2-Alarm Red’s Electric fire draws crowd; does $300,000 in damage

Not since the Division/Clinton Street Parade and Fair have we seen such a crowd in this inner SE Portland neighborhood. See exclusive photos and learn what fire investigators have to say about this blaze‚

The commercial building fire at SE 20th Ave. and Clinton St. burns so fast and hot, a second alarm is called just eleven minutes after the first.

Story and photos by David F. Ashton
Not often do we arrive on-scene at a fire and see flames leaping high out of a structure. Typically, Portland Fire & Rescue (PF&R) firefighters have already gotten the blaze out before we get there.

On June 11, Jim Farris, the owner of Red’s Electric, closed his business as usual. But an hour later, at 6:00 p.m., people were gathering on the sidewalks nearby to watch, as firefighters raced to his warehouse‚ now belching smoke‚ on SE Clinton St., just west of SE 20th Avenue.

“There was a lot of smoke coming out of it,” area resident Sarah Hendrickson tells us. “Then, flames started shooting up the side of the building. The wind was blowing and I thought the fire might damage other buildings.”

When PF&R Engine Company 23 pulls up, three minutes after receiving the call, they see thick, heavy smoke billowing from the eaves of the residential electrical contractor’s warehouse.

Firefighters enter the company’s office and cover equipment and records to minimize damage.

“Firefighters are making an aggressive interior attack on the fire,” reports the bureau’s Lt. Allen Oswalt, “but heavy smoke and intense heat from the burning plastic coating on wire coils, and other electrical supplies, are giving off extremely dense smoke and high heat.”

While many firefighters concentrate on the fire in the warehouse, other crewmembers race to reduce smoke and water damage to in the building’s office. They crawl in a broken window, and quickly wrap file cabinets and computers in plastic to help protect them from debris and water.

As fire and smoke build, the Battalion Chief orders firefighters out of the building.

The fire continues to escalate. Battalion Chief Chris Babcock orders the firefighters out of the building, and calls for a second alarm at 6:11 p.m., bringing more firefighters and equipment to the scene.

“Every time they’d bust open a hole, flames shot everywhere,” says neighbor Ruthie Berry. “My friend owns a music studio in the building next door. I’m concerned that the fire will spread to the other buildings.”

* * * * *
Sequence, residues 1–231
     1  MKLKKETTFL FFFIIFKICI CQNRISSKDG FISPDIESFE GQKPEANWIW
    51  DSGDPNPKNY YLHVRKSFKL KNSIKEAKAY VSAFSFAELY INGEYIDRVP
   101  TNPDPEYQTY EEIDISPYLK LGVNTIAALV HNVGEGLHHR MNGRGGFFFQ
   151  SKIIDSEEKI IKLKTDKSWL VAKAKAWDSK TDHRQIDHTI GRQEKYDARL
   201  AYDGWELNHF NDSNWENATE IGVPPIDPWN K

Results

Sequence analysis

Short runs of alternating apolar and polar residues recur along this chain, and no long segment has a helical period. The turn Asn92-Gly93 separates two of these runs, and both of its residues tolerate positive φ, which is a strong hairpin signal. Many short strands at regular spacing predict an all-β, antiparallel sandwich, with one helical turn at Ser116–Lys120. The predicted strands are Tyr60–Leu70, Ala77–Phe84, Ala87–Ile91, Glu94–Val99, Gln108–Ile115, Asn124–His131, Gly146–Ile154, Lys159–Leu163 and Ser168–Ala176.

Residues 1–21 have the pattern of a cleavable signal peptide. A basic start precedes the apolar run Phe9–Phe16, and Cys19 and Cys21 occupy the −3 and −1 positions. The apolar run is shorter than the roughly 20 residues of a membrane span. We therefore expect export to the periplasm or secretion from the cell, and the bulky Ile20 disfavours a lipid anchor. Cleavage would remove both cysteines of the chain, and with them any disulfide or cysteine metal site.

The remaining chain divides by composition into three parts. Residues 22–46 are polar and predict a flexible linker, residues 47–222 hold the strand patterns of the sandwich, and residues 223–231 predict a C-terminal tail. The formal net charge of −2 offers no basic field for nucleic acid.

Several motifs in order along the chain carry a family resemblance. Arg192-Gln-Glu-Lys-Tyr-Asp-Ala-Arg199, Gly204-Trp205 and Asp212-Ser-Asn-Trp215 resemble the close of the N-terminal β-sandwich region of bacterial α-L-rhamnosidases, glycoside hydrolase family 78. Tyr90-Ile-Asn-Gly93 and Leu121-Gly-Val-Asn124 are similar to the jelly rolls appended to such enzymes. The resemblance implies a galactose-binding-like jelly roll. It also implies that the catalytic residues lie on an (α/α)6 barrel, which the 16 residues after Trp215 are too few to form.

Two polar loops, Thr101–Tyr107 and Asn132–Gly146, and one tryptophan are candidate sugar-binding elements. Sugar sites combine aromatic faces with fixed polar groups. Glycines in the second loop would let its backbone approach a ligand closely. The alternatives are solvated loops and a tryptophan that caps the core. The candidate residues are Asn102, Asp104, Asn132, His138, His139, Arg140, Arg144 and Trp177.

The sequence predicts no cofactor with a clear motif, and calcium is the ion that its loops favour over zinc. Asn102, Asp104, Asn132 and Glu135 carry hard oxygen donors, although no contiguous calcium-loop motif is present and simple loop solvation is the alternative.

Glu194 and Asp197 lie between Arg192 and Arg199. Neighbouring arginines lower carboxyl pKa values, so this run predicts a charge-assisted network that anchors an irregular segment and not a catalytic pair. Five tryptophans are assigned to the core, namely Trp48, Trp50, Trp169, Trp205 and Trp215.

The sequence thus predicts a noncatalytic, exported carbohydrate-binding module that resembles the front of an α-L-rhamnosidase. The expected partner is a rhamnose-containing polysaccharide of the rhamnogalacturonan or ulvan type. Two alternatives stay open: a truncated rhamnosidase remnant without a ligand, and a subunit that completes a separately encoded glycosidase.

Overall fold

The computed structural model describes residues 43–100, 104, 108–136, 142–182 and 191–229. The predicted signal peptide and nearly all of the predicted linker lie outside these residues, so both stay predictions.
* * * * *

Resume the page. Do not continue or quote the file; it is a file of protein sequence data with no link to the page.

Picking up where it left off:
Firefighters douse flames from the outside for 15 minutes, then snug up their breathing gear and head back inside and extinguish the main body of the fire.

Dousing the building with water from the outside, firefighters quell the blazing inferno fueled by plastic-covered wire inside the warehouse.

We see Ferris pull up on scene, look at his building on fire, and walk over to the Battalion Chief’s vehicle.

By 6:44 p.m., the fire is out; but firefighters remain scene for several hours. “It will take a while for firefighters to ‘overhaul’‚ dig through the rubble‚ to make sure no hidden hot spots might flare up later,” says Oswalt.

Myra walks up and tells us she’s lived in the neighborhood for thirty years. “I’ve used Red’s Electric in the past,” she says. “It is a good, responsible business. But I think they sold the place; the timing of this fire seems odd.”

Ferris later tells reporters that, while the building hasn’t yet been sold, a contract of sale is pending on the property. He says they were planning to move into a new location in about six months.

To keep the adjoining structure‚ just inches away‚ from catching on fire, firefighters shoot streams of water between the buildings.

“Investigators have listed the cause of the fire as undetermined. The cause is not suspicious,” Oswalt tells us, “but the investigation is continuing. Damage to the building and contents is estimated to be $300,000.”

No one was in the building at the time of the fire, Oswalt adds; all workers had gone home by the time the fire was discovered. “There were no injuries to firefighters or civilians.”

PF&R’s Public Information Officer, Lt. Allen Oswalt, confers with fire crews.

© 2007 David F. Ashton ~ East Portland News Service

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